Perhaps it’s the beautiful view from your office, the free snacks you get, or even the projects you are working on.
You can also write a list and add to it. This will help you keep your focus on the positive as much as possible.
6. Your job is just a job
It’s so easy to be all consumed by our jobs but you actually have some say on other parts of your life that bring you happiness and joy.
Sure, your career is important, but that’s only one part of you that makes you unique.
Think about your family, friend, hobbies, and your community.
Having balance in your life is healthy so focus on building up the parts of your life outside of work. This way your unhappiness with work will not dominate your feelings about life in general.
What is CYA?
Simple….cover your ass.
One of my friends was in a horrible work environment where she was being harassed by her manager.
I suggested to her that she start documenting everything and keep notes of the conversations taking place.
Fortunately all of the written communication she had kept helped her win the lawsuit.
Even if you’re not concerned about getting terminated, learn to overcommunicate.
“Overcommunication is crucial in times of crises, as well as in times of major changes. In these cases, regular updates, check-ins, and follow-ups help you avoid any misunderstandings. Apart from that, redundant communication helps your workers keep morale high, despite times of uncertainty.”“The importance of overcommunication in a remote workplace”
8. Have an exit strategy
I remember how ambivalent I was about leaving my job at Girls Club.
Mostly I felt scared that I would not be able to find another job so I kept going to work, even though I was suffering from daily panic attacks and hiding in the bathroom.
Don’t do what I did and start coming up with an exit strategy today.
This could be as simple as updating your resume and reaching out to your network.
You can also have a tentative plan with certain milestones you want to reach before you leave your job.
For example, I have students who are pursuing their master’s degrees in social work (MSW). Some of them are working in agencies that don’t align with their values so they’re focusing on obtaining their MSW and then pursuing a different job.
These small steps help because you realize that you are not going to be stuck in this situation forever.
9. Create a positive workspace
One thing that I love about my current office space is my desk area.
I don’t have my own office and share a small space similar to a closet with no windows with six other people.
Does it sound awful to you?
Did I say we have no windows? We are crammed into a small room which is hard to work in when all of us are on the phone.
Since I can’t do anything about the actual room, I decided to make my workspace as joyful as possible.
I have a plant I take care of, my favorite hand lotion, positive notes on my computer monitor, and more.
Though you can’t control or influence very much in your work environment, you can decorate your workspace.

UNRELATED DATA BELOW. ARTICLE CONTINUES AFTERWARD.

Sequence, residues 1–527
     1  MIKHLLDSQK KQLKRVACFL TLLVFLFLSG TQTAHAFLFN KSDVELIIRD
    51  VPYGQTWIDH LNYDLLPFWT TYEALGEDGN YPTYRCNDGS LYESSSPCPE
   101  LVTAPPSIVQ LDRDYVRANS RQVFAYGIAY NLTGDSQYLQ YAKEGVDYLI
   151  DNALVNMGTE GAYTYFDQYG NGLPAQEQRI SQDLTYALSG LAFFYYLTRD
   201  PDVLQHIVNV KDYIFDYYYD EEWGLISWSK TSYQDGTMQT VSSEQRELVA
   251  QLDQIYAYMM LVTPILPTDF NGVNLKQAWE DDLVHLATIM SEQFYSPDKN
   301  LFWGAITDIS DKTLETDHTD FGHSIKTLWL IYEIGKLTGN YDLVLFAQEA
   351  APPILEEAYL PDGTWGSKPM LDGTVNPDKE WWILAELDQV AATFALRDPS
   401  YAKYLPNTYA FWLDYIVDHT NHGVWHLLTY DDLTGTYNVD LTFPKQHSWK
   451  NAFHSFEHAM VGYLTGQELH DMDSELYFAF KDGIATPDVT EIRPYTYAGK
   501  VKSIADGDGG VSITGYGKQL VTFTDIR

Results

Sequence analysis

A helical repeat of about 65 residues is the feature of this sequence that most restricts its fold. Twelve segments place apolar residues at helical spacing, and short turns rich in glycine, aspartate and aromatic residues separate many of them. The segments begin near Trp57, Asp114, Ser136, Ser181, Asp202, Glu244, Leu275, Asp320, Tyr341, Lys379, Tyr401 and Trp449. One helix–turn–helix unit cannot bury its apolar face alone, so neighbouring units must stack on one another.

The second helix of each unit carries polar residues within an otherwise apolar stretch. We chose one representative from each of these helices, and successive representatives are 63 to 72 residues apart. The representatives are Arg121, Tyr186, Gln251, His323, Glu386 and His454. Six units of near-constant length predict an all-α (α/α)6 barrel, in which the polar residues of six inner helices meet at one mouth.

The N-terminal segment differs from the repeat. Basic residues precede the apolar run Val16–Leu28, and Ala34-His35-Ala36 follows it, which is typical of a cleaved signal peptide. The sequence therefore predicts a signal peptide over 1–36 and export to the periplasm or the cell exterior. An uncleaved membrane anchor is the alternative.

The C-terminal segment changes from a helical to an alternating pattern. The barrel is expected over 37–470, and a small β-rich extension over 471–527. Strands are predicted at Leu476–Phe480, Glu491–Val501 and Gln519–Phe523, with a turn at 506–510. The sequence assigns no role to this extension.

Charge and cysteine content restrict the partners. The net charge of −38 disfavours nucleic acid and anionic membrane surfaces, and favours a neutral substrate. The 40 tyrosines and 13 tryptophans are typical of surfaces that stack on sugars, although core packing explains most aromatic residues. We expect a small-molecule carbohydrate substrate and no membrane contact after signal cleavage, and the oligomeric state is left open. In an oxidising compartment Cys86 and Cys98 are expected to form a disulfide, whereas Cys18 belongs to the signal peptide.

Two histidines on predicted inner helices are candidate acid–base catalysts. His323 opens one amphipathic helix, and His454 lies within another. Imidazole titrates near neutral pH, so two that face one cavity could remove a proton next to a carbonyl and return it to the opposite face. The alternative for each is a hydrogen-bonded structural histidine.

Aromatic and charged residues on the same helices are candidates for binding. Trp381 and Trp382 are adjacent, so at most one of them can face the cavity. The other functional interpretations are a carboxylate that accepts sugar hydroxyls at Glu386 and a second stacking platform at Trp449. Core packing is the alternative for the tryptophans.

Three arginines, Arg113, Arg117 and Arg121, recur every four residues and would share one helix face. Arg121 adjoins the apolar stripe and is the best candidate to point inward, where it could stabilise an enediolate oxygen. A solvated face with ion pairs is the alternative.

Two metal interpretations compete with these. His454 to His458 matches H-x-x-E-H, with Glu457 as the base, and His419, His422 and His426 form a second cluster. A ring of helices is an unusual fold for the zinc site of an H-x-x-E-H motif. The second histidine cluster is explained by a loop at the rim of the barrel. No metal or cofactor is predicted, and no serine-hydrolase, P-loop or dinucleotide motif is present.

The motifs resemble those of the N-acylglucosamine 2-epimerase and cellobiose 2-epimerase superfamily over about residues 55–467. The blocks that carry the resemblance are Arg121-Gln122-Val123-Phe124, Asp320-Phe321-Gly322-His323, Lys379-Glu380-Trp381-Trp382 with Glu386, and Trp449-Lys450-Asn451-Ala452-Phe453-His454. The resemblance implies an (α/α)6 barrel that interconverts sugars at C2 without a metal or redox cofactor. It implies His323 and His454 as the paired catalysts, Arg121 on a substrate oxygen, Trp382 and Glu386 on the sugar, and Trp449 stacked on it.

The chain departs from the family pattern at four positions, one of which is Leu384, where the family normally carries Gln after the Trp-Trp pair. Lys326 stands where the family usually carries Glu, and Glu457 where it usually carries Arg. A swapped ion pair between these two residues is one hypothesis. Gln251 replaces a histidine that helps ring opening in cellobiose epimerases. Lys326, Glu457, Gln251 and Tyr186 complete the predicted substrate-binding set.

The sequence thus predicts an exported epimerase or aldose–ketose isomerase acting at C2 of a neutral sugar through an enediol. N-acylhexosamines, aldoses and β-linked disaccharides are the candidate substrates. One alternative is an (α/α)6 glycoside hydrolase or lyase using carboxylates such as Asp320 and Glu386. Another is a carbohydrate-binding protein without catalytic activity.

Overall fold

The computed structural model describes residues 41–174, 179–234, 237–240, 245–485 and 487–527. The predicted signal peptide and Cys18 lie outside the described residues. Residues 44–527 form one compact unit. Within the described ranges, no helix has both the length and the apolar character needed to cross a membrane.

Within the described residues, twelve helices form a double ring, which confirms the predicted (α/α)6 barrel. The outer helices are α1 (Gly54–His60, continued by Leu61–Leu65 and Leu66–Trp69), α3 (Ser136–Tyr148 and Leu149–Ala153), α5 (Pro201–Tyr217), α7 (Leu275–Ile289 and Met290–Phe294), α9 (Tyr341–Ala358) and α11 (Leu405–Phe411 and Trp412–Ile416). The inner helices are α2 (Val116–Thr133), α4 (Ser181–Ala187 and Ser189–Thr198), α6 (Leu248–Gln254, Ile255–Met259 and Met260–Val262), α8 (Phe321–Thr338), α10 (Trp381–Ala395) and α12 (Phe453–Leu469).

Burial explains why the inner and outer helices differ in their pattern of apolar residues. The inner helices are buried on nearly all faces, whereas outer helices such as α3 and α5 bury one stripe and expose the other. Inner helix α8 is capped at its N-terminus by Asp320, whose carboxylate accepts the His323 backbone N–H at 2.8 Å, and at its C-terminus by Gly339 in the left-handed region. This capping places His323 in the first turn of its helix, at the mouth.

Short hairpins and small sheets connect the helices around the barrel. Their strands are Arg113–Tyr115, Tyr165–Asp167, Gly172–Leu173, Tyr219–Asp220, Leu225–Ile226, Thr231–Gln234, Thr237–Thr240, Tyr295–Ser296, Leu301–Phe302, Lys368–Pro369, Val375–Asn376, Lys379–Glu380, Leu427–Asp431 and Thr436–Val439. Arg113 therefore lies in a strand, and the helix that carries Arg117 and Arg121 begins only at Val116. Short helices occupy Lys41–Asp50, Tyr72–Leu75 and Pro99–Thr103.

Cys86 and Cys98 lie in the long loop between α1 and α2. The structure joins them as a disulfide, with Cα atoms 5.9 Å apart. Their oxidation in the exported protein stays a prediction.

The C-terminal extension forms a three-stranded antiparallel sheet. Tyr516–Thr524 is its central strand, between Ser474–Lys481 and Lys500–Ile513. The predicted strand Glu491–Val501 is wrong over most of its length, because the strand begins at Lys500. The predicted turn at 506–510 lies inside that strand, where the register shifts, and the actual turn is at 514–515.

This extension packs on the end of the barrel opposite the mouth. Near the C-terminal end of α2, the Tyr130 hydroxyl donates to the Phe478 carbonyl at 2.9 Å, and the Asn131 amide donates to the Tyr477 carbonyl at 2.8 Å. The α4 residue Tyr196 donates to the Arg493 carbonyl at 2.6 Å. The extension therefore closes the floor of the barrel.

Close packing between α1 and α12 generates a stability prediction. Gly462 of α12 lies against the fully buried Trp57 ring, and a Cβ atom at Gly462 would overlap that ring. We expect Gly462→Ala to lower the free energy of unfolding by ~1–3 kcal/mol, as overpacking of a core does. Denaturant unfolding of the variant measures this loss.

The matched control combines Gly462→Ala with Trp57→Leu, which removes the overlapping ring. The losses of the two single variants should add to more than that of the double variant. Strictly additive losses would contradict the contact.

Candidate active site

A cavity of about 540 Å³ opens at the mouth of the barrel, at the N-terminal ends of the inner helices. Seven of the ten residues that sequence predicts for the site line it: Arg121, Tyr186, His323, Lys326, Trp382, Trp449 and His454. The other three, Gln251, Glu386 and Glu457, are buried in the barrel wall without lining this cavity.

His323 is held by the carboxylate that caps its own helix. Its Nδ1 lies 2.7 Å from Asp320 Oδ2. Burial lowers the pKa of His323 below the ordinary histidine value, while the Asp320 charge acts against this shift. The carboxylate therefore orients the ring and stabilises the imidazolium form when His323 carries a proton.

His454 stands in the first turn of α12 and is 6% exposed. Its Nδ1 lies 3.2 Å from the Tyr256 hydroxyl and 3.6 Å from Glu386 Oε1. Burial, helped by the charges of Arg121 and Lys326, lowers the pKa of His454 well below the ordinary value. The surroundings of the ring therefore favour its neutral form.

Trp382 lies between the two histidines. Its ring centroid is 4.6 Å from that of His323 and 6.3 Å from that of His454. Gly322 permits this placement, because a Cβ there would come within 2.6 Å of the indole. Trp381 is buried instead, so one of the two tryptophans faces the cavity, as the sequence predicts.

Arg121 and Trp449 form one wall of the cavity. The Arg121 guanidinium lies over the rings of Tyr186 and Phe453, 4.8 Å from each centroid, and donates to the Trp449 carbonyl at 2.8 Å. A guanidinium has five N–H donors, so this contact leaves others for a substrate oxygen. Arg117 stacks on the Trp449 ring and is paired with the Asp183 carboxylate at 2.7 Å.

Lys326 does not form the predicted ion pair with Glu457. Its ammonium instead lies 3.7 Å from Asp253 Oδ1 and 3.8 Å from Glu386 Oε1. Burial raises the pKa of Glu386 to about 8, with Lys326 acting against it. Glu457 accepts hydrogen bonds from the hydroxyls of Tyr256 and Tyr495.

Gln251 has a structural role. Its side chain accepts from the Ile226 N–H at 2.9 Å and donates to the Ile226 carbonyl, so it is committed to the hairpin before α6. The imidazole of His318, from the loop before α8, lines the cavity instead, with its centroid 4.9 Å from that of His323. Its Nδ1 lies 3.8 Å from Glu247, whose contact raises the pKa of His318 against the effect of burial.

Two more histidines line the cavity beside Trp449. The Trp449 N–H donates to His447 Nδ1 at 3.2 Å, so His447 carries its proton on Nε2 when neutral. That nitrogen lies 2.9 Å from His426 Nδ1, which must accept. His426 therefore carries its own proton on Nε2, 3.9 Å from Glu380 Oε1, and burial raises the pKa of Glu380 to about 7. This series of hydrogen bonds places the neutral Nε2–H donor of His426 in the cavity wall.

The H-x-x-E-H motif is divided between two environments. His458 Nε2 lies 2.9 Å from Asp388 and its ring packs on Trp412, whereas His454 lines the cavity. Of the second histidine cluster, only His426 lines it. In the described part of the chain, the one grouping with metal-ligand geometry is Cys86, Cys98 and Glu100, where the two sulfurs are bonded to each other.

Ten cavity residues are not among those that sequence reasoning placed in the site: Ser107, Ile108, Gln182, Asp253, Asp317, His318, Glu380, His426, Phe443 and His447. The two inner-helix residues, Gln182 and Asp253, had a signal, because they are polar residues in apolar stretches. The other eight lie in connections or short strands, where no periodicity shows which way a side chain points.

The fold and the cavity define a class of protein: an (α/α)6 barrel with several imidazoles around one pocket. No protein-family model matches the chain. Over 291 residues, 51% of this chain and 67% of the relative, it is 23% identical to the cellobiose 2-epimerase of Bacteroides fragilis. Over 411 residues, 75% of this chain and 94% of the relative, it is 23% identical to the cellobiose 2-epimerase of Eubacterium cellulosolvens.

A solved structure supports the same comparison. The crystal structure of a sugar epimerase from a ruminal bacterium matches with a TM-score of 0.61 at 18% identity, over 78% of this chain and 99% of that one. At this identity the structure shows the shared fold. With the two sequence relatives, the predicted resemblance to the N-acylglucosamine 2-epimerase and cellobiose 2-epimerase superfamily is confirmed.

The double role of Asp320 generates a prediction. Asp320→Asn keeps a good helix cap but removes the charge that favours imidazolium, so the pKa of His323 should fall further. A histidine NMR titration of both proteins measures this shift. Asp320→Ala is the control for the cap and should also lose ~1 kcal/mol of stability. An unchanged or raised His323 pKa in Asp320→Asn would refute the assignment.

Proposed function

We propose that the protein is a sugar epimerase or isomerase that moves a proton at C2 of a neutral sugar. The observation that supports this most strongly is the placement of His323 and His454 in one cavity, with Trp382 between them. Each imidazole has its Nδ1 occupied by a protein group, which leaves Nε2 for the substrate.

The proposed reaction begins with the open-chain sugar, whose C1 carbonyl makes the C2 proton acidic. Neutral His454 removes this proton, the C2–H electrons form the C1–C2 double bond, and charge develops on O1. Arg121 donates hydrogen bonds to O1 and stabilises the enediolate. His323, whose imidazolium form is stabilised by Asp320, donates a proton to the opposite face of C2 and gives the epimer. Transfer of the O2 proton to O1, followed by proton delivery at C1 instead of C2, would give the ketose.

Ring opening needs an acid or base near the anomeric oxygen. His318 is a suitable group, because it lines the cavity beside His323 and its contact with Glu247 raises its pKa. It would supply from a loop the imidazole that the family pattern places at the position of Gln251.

Hang up photos of your friends and family. Put positive quotes on post-it notes and consider taking a plant to take care of.
Remind yourself that your job is not everything and that you have a happy life outside of it.
10. Practice self-care daily at work
What has helped me immensely in my current job is my daily self-care routine.
I am religious about taking my 10-minute walking breaks outside as well as eating my lunch away from my desk.
Take control. Feel better.
Start your Self-care Journey.
Instead of powering through an 8+ hour day, schedule and take your breaks. Make sure you stay hydrated, eat something nutritious and avoid working overtime if possible.
Follow labor law and your company policies around your meal and rest periods.
Oftentimes I hear my clients say “I’m too tired to practice self-care or exercise.”
Guess what? You’ll feel exponentially better if you exercise rather than go home to slump on the couch.
When should you leave a toxic job?
If you’ve tried everything possible and nothing has improved, then it’s time to take the next step and leave the job.
Looking back, I wish I had not stayed at Girls Club because I left traumatized and scared that all future jobs would be similar.
8 signs to know when it’s time to leave your job
- You are burnt out and constantly exhausted no matter how much you rest.
- You are not growing or developing professionally.
- You’ve tried everything to maintain your sanity but your workplace remains toxic.
- You have a feeling that your company is going under.
- You are under-compensated and despite efforts at getting paid more, you aren’t.
- You found a better job! Yipee for you!
- You don’t have a work-life balance.
- You are not inspired, engaged, and regularly bored.
It’s different for everyone and I don’t have an easy answer for this especially if you have dependents and you can not afford to leave your job immediately.
It’s important to start taking proactive steps if you’re considering leaving and leaving on your own terms rather than facing termination.
I feel privileged to write this article and wish I could tell my 22-year-old self that suffering through a toxic and unhealthy work environment was not worth it in the long run.
We can’t go back in time but we do have some control over our future.
You know that working in a toxic environment is stressful and draining. However, you can also survive and even thrive in these situations.
The active steps of how to survive a toxic work environment include things like detaching yourself emotionally, setting firm boundaries, and creating a better work environment for yourself.
In doing so, you can cope with the stress and toxicity of a toxic workplace and maintain your sanity. Remember to seek professional help if you need it, and don’t be afraid to make changes in your life to improve your well-being.
Now it’s your turn to share what experiences you had surviving in a toxic work environment! What tips and tricks did you use to stay in your job or what led you to ultimately leave the job? Please share your stories and comments below.